Framing Effects and Study Design Considerations in Stated Preference Research

The International Academy of Health Preference Research (IAHPR) is a relatively new network of multidisciplinary researchers with expertise in stated preference methods. The latest IAHPR meeting took place in Glasgow on 4th November 2017, prior to the ISPOR European Congress.

OHE’s Koonal Shah attended the meeting, presenting his latest research on societal preferences regarding the value of life-extending end of life treatments. A review of the existing evidence had indicated that the findings of end of life-related preference studies may depend on particular features of the studies, such as the ways in which the preference elicitation tasks were presented. Koonal’s study attempted to explore this further by examining how people’s preferences are influenced by framing effects and study design considerations.

The study used an online survey to elicit preferences from a large, representative sample of the UK general public. Respondents were randomly allocated to one of six study arms, each of which applied a different framing. Most of the questions required respondents to adopt a social decision maker perspective, making choices on behalf of the health service. In order to examine the influence of study perspective, a further question asked respondents to adopt an individual perspective, making choices that related to their own health.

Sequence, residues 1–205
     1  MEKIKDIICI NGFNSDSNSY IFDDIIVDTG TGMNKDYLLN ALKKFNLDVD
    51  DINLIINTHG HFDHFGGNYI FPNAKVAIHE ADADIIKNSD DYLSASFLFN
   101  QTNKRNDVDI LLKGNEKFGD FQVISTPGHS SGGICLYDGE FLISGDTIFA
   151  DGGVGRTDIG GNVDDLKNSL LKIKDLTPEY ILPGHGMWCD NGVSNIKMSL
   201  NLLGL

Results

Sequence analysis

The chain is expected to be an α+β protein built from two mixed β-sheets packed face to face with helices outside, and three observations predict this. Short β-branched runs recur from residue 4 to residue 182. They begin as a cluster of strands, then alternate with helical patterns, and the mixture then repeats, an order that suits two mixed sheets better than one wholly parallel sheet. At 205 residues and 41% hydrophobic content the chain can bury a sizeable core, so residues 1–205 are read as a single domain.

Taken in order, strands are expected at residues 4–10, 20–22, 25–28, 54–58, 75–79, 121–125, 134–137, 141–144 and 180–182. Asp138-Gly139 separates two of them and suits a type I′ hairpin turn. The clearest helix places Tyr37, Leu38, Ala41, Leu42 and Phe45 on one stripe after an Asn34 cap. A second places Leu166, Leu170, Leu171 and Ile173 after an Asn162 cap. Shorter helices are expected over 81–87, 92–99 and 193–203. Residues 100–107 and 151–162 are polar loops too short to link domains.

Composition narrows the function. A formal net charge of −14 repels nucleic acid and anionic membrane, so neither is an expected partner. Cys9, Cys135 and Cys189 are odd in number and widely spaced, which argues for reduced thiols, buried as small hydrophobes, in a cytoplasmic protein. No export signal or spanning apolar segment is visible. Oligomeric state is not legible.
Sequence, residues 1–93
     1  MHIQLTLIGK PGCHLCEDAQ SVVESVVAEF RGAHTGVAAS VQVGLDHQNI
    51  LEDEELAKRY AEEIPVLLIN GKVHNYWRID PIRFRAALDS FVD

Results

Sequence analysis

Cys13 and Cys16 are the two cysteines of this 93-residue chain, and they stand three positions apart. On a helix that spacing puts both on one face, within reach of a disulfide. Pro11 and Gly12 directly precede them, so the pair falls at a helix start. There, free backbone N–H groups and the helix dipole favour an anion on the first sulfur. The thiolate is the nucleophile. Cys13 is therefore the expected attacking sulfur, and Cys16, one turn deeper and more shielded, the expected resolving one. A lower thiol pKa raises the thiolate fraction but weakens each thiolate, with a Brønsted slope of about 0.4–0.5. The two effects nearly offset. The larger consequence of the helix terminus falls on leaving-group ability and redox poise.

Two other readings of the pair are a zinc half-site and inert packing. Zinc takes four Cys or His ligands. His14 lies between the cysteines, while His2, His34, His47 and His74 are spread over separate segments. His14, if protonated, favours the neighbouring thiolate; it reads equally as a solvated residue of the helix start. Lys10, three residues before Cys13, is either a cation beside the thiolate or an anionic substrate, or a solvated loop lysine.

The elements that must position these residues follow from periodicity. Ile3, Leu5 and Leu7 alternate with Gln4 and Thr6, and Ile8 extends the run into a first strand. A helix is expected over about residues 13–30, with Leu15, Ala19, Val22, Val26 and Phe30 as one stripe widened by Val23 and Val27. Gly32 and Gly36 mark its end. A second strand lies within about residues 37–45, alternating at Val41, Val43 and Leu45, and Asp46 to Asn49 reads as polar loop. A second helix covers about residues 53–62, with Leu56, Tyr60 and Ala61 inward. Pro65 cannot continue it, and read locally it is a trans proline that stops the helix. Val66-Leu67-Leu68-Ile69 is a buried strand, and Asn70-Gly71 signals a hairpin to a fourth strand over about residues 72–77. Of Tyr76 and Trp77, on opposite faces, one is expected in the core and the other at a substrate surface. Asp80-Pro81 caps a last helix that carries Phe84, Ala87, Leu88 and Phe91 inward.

Respondents’ choices were found to be sensitive to the choice of perspective, and to the inclusion of indifference options and (to a lesser extent) visual aids. The findings demonstrate the influence of framing effects and study design considerations in stated preference research. Researchers should seek to control for such effects when seeking to examine people’s health care priority setting preferences.

The study was conducted in collaboration with Aki Tsuchiya and Allan Wailoo of the University of Sheffield’s School of Health and Related Research. Selected findings were also presented in a poster at the recent ISPOR European Congress.

Related publications include:

  • Shah, K.K., 2016. Is willingness to pay higher for cancer prevention and treatment? Journal of Cancer Policy, 11, pp.60-64. [available to download free-of-charge]
  • Shah, K.K., 2016. Does society place special value on end of life treatments? In: Round, J. ed. Care at the end of life: An economic perspective. Cham: Springer. pp. 155-166. [available here]
  • Shah, K.K., Tsuchiya, A. and Wailoo, A.J., 2015. Valuing health at the end of life: A stated preference discrete choice experiment. Social Science & Medicine, 124, pp.48-56. [available to download free-of-charge]

For more information on OHE’s research on social values, please contact Koonal Shah.

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